Desiccated coco producer denies skirting labor laws in Davao del Sur
STA. CRUZ, Davao del Sur, Philippines – Desiccated coconut producer Franklin Baker Co. denied on Saturday it has been trying to skirt labor laws by absorbing some 1,100 coconut industry workers who used to be regular workers as new contractual hires.
The protesting coconut industry workers were never company employees, the company claimed in response to last week’s picket outside its plant here.
According to Jerry Lorenzo, Franklin Baker president and chief executive officer, the company has three long-time suppliers of fresh pared coconut meat, which in turn have regular or contractual employees.
“Long-time contractors of Franklin Baker Co. were allowed to use this facility (Sta. Cruz plant) in accord with service agreement to provide better working environment to the contractors’ employees while providing better efficiency and better food safety quality control,” Lorenzo said in a statement provided the Philippine Daily Inquirer.
He said that under the service agreements, the workers would remain with the suppliers. The company has three long-time regular suppliers here: B/L Investment Inc., Golden White Coco Traders, and Mactan.
“These suppliers are (the) legitimate job contractors, who in turn, have their own regular employees who perform work to enable these suppliers to provide the coconut meat to Franklin Baker Co.,” Lorenzo added.
Earlier, the coconut industry workers said there was collusion between Franklin Baker and the three other firms to skirt labor laws.
The workers said under a recently signed agreement, some 1,100 coconut industry workers – many of whom have served for many years already – were reverted to being newly hired employees at Franklin Baker.
They said the scheme, which the coconut desiccated firm signed with its raw coconut suppliers – B/L Investment Inc., Golden White Coco Traders, and Mactan – had put to waste their length of service.
“Many of us have worked for more than 10 years already but they would regard us as new employees now. We might be able to agree if they give us separation pay,” Jimboy Marciano, the spokesperson of Samahan ng Manggagawang Kontraktwal (Sama-Ako), said.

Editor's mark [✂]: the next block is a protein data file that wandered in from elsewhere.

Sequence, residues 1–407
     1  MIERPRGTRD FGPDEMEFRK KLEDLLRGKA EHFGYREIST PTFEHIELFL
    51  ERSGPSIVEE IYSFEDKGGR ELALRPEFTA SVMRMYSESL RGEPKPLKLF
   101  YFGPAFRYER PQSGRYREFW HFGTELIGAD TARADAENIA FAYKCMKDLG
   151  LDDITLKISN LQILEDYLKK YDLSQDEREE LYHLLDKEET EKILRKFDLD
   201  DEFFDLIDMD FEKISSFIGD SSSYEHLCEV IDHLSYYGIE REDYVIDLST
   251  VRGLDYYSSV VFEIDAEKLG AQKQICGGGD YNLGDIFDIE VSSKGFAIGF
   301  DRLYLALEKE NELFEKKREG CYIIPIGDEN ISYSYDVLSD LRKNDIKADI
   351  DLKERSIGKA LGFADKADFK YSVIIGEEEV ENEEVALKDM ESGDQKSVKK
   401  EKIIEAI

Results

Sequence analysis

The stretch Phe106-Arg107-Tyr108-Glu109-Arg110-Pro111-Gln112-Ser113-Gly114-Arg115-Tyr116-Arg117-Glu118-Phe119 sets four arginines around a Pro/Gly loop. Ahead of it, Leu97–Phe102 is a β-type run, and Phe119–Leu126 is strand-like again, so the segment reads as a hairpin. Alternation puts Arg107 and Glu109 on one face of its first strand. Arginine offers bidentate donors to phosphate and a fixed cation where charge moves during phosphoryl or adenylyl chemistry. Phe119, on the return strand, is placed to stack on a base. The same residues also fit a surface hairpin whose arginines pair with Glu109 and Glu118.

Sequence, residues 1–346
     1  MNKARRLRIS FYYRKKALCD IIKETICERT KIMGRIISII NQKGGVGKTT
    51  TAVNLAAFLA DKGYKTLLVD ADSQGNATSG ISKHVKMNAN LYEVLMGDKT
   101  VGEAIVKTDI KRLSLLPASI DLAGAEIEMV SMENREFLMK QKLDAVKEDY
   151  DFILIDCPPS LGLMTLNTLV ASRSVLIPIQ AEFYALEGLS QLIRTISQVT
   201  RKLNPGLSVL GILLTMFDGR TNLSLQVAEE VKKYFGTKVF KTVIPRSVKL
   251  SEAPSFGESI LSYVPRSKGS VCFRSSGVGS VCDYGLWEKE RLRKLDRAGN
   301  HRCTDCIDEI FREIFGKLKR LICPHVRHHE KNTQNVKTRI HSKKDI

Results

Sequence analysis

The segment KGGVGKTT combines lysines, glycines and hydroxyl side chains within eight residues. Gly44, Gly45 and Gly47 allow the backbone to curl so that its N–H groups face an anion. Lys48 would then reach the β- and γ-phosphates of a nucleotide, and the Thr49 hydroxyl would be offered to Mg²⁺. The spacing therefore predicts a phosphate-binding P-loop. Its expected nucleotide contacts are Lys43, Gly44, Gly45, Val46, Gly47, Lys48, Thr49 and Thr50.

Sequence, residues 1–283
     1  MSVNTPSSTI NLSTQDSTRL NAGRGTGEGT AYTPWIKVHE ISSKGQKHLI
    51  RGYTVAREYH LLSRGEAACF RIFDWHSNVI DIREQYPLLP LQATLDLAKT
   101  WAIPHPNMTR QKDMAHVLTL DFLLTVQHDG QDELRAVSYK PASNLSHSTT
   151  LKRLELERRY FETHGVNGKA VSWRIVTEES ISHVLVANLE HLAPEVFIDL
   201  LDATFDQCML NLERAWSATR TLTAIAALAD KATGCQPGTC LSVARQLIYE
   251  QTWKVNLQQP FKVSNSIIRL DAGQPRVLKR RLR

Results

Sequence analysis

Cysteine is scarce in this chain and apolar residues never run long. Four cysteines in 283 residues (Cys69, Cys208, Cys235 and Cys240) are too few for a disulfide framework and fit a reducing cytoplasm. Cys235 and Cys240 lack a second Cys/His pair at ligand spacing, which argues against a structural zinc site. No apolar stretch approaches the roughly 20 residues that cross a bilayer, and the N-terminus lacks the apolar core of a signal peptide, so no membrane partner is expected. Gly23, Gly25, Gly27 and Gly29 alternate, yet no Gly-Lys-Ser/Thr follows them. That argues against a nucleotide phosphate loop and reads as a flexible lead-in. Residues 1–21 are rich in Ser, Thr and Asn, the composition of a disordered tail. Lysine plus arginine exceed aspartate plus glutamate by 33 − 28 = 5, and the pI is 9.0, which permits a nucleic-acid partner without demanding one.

Carlo Olalo, the spokesperson of Kilusang Mayo Uno in Southern Mindanao, said “the collusion between Franklin Baker and the three companies is clearly an attempt to evade responsibility to workers.”
“The scheme to absorb all workers from (the three companies) and make them agency hires is the handiwork of Franklin Baker, which designed this scheme in order to frustrate all overstaying workers’ attempts to become regular workers. This is happening all over the country because contractualization is legal,” Olalia said.
But Lorenzo said the protesting coconut industry workers might have been “misled into thinking they were hired by Franklin baker Co.” because they were working at the desiccated coconut facility here.
He said while Franklin Baker indeed entered into an agreement with the suppliers, it was only for the use of the facility.
“Franklin Baker Co. did not hire any of the employees of these legitimate job contractors. They continue to work with their respective employees, (the) suppliers of Franklin Baker Co.,” he said.
Mayor Joel Ray Lopez said he was also made to understand that the problem of the protesting coconut industry workers were with the suppliers and not the company itself.
Lopez said the local government has been trying to broker talks between the workers and the three suppliers.
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